How do you teach sh and ch sounds?

Answered by Douglas Hiatt

When teaching the “sh” and “ch” sounds to your child, it’s important to start with sounds that they can already articulate. If your child is able to say the “t” and “sh” sounds, you can use these sounds as a foundation to elicit the “ch” sound.

Here’s how you can do it:

1. Explain the concept: Begin by explaining to your child that the “ch” sound is a combination of the “t” and “sh” sounds. This will help them understand the process better and make it easier for them to learn.

2. Demonstrate the sounds: Show your child how to say the “sh” sound by placing your tongue on the roof of your mouth and letting out a long, breathy sound. Then, show them how to say the “t” sound by quickly touching the tip of your tongue to the roof of your mouth and releasing it.

3. Practice the “sh” sound with tongue pressure: Instruct your child to say the “sh” sound, but this time, ask them to hold their tongue on the roof of their mouth. Encourage them to feel the built-up pressure before they release the air out of their mouth. This step helps them understand the tongue placement and pressure required for the “ch” sound.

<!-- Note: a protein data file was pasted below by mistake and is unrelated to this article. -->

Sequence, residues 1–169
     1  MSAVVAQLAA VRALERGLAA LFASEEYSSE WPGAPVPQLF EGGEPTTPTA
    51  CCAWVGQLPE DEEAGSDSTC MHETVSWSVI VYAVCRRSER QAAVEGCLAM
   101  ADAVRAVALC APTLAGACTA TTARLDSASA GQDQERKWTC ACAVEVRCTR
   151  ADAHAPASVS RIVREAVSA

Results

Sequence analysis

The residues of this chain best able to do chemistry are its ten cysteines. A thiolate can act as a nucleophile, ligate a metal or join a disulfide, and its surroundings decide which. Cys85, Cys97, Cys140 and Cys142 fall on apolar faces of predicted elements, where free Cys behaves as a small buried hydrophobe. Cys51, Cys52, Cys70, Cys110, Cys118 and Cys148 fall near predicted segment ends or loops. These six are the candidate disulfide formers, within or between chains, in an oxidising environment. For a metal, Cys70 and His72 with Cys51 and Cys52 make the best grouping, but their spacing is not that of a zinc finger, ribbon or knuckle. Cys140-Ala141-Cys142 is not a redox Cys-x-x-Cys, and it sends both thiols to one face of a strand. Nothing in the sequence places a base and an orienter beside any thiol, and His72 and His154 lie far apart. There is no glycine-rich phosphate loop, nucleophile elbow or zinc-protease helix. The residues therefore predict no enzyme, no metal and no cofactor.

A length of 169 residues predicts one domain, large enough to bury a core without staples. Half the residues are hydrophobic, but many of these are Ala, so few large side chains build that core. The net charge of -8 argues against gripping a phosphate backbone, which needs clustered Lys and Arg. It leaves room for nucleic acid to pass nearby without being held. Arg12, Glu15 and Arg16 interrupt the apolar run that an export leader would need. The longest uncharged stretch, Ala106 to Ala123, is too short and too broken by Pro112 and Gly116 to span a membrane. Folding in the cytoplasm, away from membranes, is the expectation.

4. Introduce the “ch” sound: Once your child is comfortable with the “sh” sound and tongue pressure, explain that the “ch” sound is made by combining the two sounds. Encourage them to try saying the “sh” sound while also quickly touching the tip of their tongue to the roof of their mouth, just like the “t” sound.

5. Practice the “ch” sound: Now, have your child practice saying the “ch” sound. Start with simple words that contain the “ch” sound, such as “chip” or “chat.” Encourage them to focus on the tongue movement and the release of air to produce the sound accurately. Provide positive reinforcement and praise their efforts as they practice.

6. Expand to more complex words and phrases: As your child becomes more comfortable with the “ch” sound, gradually introduce more complex words and phrases that contain the sound. Encourage them to use the “ch” sound in sentences and in different contexts to reinforce their understanding and ability to produce the sound.

Remember to be patient and supportive throughout the teaching process. It may take some time for your child to master the “ch” sound, but with consistent practice and encouragement, they will eventually get it. Make learning fun by incorporating games, songs, or other interactive activities that engage your child and keep them motivated.